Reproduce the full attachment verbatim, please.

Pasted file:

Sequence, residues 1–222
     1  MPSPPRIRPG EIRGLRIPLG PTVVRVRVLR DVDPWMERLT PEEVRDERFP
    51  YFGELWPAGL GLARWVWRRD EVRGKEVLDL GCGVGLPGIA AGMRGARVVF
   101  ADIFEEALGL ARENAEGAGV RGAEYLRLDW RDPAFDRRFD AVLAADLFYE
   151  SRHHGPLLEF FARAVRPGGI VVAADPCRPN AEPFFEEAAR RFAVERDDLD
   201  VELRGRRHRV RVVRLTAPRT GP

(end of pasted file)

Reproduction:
Sequence, residues 1–222
     1  MPSPPRIRPG EIRGLRIPLG PTVVRVRVLR DVDPWMERLT PEEVRDERFP
    51  YFGELWPAGL GLARWVWRRD EVRGKEVLDL GCGVGLPGIA AGMRGARVVF
   101  ADIFEEALGL ARENAEGAGV RGAEYLRLDW RDPAFDRRFD AVLAADLFYE
   151  SRHHGPLLEF FARAVRPGGI VVAADPCRPN AEPFFEEAAR RFAVERDDLD
   201  VELRGRRHRV RVVRLTAPRT GP